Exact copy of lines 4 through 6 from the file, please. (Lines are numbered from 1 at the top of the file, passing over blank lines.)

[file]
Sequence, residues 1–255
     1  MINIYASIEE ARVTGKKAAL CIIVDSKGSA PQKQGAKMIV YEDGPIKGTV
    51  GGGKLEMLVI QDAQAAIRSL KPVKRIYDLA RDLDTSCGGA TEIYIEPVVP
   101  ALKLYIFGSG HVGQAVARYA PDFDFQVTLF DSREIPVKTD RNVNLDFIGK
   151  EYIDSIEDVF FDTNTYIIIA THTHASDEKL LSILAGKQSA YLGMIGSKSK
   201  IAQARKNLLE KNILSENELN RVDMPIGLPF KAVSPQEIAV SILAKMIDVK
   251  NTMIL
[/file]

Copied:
   101  ALKLYIFGSG HVGQAVARYA PDFDFQVTLF DSREIPVKTD RNVNLDFIGK
   151  EYIDSIEDVF FDTNTYIIIA THTHASDEKL LSILAGKQSA YLGMIGSKSK
   201  IAQARKNLLE KNILSENELN RVDMPIGLPF KAVSPQEIAV SILAKMIDVK